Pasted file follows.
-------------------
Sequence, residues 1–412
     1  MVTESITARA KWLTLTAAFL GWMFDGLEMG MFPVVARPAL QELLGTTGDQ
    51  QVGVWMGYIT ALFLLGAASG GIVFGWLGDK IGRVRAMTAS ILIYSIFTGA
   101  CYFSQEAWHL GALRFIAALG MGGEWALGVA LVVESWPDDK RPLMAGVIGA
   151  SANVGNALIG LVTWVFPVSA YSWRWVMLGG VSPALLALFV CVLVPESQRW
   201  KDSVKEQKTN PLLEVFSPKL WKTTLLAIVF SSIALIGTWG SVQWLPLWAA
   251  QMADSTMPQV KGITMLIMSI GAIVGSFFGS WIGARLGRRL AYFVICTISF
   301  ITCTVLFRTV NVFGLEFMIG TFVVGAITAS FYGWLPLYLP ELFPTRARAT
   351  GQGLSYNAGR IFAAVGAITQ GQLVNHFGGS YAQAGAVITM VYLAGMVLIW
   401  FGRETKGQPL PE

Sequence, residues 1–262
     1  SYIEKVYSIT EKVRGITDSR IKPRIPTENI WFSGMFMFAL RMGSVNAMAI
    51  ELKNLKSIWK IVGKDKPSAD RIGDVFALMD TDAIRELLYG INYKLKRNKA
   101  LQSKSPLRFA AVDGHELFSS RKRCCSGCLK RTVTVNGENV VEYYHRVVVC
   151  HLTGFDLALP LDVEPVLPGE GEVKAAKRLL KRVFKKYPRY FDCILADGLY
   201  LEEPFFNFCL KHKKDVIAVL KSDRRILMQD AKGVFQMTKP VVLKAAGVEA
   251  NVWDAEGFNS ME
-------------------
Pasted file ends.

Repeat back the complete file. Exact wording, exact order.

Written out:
Sequence, residues 1–412
     1  MVTESITARA KWLTLTAAFL GWMFDGLEMG MFPVVARPAL QELLGTTGDQ
    51  QVGVWMGYIT ALFLLGAASG GIVFGWLGDK IGRVRAMTAS ILIYSIFTGA
   101  CYFSQEAWHL GALRFIAALG MGGEWALGVA LVVESWPDDK RPLMAGVIGA
   151  SANVGNALIG LVTWVFPVSA YSWRWVMLGG VSPALLALFV CVLVPESQRW
   201  KDSVKEQKTN PLLEVFSPKL WKTTLLAIVF SSIALIGTWG SVQWLPLWAA
   251  QMADSTMPQV KGITMLIMSI GAIVGSFFGS WIGARLGRRL AYFVICTISF
   301  ITCTVLFRTV NVFGLEFMIG TFVVGAITAS FYGWLPLYLP ELFPTRARAT
   351  GQGLSYNAGR IFAAVGAITQ GQLVNHFGGS YAQAGAVITM VYLAGMVLIW
   401  FGRETKGQPL PE

Sequence, residues 1–262
     1  SYIEKVYSIT EKVRGITDSR IKPRIPTENI WFSGMFMFAL RMGSVNAMAI
    51  ELKNLKSIWK IVGKDKPSAD RIGDVFALMD TDAIRELLYG INYKLKRNKA
   101  LQSKSPLRFA AVDGHELFSS RKRCCSGCLK RTVTVNGENV VEYYHRVVVC
   151  HLTGFDLALP LDVEPVLPGE GEVKAAKRLL KRVFKKYPRY FDCILADGLY
   201  LEEPFFNFCL KHKKDVIAVL KSDRRILMQD AKGVFQMTKP VVLKAAGVEA
   251  NVWDAEGFNS ME